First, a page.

Though employees were allowed to take the day off when temperatures reached the 110 degree level, employees who were unable or unwilling to work had two choices if they went home. If they got a doctor’s note saying they couldn’t work in the heat, they were fine but, if they didn’t get a note, they received “points” on their records. Accumulate too many points and you would be fired. These were the same sort of points that were given for work-place safety violations or for arriving late to work.

Put that in context for a second – you’re desperate for work because the economy sucks. You get the job but it’s the equivalent of 112 degrees while your working, you’re getting dizzy and your vision is blurring. Finally you can’t take it anymore and ask to go home. So that you don’t run the risk of losing your job, you’d better go see a doctor and get a note. Not a big deal, if you’ve got insurance. But what are the chances of that? Once OSHA got in the picture, the situation improved but it was still pretty bad. More fans were added, cooling headbands and vests were issued, plus employees were supposed to be given breaks every hour when the heat index exceeded 100 degrees. Whether these breaks were actually given is unclear. But throughout, performance goals were unchanged, despite theoretically longer breaks and the resulting shorter working hours.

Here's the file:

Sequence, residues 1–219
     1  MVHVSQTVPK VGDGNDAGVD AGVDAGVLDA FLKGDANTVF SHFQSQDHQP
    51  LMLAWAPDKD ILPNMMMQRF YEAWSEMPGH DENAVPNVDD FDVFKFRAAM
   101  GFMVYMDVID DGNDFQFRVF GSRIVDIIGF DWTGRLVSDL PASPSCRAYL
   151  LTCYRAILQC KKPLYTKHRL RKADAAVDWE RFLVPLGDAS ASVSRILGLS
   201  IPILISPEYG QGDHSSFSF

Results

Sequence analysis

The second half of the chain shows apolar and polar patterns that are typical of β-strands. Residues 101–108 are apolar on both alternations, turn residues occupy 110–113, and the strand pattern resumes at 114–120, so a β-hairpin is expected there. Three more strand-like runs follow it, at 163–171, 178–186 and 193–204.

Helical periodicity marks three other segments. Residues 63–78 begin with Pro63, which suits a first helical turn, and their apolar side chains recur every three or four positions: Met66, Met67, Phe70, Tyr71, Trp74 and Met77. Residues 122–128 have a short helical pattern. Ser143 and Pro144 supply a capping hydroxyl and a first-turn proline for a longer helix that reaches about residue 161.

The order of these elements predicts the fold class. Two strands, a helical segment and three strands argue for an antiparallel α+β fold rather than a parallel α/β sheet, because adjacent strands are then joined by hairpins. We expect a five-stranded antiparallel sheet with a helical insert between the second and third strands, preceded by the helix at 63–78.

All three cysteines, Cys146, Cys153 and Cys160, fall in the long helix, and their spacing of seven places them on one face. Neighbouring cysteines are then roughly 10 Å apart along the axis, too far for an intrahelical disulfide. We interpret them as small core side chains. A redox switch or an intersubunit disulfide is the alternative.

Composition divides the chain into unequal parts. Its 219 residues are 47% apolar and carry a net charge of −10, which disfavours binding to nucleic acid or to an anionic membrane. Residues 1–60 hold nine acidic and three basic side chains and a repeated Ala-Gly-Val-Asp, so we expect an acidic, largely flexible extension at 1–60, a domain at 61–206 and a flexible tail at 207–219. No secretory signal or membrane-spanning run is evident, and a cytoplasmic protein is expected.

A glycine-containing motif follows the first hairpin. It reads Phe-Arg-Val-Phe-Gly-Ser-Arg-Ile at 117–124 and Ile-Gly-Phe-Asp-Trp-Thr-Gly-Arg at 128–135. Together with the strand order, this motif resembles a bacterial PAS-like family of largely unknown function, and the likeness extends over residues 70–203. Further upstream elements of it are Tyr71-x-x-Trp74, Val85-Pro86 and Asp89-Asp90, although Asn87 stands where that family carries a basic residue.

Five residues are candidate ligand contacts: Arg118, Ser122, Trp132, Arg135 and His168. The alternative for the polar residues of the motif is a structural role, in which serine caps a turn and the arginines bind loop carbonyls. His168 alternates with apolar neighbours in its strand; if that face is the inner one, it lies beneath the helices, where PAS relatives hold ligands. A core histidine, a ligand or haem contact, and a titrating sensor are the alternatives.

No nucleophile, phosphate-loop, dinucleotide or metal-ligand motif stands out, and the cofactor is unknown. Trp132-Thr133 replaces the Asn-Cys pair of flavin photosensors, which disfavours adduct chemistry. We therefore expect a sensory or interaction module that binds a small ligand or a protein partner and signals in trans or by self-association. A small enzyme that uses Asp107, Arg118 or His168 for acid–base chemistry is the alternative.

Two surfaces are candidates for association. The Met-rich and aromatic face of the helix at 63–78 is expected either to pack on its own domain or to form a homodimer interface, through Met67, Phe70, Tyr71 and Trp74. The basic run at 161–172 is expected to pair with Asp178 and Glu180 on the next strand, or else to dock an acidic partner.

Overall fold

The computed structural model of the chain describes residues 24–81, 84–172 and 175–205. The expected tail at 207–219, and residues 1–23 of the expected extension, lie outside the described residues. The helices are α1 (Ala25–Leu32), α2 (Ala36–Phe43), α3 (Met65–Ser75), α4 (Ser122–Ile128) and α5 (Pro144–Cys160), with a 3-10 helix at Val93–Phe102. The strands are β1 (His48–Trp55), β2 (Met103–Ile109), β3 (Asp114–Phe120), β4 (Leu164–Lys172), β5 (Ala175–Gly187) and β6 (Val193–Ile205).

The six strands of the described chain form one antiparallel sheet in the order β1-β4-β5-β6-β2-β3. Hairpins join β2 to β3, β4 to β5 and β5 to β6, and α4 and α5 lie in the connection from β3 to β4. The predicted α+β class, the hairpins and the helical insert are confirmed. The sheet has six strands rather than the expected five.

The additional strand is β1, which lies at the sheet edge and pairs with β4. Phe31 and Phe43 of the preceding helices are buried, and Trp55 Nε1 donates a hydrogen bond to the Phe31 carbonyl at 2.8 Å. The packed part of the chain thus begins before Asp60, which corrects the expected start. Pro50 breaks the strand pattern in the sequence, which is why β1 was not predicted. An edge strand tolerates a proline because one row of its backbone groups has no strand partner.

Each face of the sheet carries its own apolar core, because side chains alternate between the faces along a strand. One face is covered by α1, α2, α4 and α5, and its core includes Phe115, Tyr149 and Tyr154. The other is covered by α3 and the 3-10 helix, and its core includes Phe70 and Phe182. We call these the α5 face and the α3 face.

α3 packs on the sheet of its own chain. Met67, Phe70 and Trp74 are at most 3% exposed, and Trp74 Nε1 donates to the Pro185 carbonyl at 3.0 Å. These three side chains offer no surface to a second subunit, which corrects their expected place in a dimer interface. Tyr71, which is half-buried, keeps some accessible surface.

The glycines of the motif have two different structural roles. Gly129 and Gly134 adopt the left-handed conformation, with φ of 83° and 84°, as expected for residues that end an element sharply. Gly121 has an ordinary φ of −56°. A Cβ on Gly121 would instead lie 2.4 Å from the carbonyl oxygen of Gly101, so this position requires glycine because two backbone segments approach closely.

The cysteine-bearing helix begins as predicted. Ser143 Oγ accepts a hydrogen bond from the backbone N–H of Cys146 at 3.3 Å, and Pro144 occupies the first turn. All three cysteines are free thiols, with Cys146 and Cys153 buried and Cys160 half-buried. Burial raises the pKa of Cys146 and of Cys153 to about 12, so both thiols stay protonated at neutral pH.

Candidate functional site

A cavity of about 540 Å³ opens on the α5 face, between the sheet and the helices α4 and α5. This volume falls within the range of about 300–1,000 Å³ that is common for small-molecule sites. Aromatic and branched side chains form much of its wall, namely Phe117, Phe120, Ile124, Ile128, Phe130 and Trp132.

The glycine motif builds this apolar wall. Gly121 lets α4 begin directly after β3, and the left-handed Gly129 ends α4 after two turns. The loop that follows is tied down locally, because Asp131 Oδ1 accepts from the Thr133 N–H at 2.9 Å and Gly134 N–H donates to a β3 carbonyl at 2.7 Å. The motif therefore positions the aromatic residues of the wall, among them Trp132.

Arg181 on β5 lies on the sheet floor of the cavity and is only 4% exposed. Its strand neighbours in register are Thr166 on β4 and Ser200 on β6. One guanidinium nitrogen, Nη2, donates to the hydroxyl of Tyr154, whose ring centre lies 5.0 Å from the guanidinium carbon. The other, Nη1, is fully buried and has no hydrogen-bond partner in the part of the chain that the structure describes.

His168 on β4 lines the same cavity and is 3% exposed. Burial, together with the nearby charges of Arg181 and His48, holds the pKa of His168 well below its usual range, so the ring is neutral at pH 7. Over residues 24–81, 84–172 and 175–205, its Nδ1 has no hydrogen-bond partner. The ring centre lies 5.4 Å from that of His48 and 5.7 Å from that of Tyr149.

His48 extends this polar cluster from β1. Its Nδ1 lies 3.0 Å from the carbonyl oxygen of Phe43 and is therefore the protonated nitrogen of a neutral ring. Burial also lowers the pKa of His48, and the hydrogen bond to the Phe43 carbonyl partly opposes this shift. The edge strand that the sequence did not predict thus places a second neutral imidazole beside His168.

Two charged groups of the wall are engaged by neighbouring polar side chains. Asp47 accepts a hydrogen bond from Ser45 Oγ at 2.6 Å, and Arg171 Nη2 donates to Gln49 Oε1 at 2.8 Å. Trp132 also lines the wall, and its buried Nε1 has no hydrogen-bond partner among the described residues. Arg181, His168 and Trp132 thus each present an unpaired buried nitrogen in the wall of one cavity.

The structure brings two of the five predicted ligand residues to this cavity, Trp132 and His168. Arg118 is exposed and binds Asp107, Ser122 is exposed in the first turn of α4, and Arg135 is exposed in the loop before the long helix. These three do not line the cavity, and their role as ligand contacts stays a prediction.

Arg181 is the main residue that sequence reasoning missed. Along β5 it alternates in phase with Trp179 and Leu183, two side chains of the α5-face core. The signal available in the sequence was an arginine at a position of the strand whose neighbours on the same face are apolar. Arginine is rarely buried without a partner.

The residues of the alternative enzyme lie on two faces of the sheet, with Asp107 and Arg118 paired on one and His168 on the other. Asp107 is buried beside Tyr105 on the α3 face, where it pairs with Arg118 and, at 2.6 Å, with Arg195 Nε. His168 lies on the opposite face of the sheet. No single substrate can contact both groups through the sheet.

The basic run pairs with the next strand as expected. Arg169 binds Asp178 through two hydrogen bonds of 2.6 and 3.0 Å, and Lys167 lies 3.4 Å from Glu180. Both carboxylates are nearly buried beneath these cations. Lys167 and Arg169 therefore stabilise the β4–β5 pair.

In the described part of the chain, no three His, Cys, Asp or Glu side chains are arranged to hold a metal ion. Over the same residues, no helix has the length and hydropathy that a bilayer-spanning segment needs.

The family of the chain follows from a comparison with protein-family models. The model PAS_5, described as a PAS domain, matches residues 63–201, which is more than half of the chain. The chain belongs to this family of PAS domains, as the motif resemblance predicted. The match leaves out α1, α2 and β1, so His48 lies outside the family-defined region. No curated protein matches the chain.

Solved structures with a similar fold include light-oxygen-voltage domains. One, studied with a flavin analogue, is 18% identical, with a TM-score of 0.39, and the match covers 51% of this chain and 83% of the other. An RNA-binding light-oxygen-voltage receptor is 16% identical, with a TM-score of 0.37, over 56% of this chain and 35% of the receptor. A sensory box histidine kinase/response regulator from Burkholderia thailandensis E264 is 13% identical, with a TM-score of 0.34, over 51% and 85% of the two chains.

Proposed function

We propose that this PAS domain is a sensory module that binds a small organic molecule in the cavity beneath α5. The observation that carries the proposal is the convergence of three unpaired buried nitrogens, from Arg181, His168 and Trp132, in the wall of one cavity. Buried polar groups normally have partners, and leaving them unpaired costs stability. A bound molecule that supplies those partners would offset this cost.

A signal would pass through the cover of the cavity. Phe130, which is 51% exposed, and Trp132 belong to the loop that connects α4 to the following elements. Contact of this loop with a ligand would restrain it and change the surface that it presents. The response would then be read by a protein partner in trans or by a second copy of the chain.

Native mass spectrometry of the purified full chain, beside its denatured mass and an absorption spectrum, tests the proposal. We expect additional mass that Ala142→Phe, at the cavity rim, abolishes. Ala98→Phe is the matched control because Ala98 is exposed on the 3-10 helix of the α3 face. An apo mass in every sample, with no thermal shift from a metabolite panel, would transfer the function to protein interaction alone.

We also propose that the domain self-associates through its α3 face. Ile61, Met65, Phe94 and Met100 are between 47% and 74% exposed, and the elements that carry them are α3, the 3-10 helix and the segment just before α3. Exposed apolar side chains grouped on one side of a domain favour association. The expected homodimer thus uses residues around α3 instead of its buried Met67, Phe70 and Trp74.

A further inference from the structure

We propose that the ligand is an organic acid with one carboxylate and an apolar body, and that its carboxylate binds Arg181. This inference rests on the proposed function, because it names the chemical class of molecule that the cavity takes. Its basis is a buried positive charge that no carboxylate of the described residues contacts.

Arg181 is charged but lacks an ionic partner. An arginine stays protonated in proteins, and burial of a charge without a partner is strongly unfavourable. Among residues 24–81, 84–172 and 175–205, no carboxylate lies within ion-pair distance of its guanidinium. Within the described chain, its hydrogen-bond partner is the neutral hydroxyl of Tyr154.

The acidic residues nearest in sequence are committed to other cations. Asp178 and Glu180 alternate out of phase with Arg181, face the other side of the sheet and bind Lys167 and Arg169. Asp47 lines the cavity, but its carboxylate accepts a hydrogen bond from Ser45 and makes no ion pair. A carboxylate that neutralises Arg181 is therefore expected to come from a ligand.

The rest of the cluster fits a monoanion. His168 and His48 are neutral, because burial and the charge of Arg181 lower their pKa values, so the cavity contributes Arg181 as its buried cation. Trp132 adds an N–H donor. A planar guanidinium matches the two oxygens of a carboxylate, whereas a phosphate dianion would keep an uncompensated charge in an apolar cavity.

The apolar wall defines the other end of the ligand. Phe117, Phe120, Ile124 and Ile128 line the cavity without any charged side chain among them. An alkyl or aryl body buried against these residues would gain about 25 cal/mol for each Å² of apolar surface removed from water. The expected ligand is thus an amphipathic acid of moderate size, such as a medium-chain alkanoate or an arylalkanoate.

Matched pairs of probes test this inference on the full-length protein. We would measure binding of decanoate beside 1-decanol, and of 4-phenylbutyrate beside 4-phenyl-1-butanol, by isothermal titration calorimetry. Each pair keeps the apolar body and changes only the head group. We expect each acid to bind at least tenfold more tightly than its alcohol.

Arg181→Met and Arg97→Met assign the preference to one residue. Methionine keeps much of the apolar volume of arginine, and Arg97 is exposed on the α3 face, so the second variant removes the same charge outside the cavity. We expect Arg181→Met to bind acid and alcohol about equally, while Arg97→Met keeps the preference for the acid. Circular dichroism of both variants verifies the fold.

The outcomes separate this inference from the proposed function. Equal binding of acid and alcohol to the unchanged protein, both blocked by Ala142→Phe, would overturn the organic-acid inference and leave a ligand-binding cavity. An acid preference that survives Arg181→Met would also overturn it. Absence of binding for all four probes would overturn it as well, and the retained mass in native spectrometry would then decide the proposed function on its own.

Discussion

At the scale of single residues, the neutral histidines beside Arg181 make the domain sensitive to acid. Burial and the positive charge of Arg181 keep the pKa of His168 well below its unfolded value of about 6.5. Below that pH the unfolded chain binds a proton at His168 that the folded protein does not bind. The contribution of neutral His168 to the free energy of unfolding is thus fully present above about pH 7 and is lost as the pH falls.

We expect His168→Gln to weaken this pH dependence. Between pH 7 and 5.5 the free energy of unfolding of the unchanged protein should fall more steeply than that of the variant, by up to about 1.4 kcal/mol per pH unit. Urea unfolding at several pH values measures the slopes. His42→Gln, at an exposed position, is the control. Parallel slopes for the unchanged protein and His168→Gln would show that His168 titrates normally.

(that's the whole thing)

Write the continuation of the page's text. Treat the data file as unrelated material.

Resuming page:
And those performance goals were high. And by high, I’m talking about being expected to retrieve 1200 items in the course of a 10 hour shift. That’s one item every 30 seconds … for ten hours. The particular employee who’s rate was that high was in his 50s. And damn, what a bad-ass! Of the group of 100 people he was hired with, he was one of five left at the company seven months later . . . when he was fired for not meeting his quota.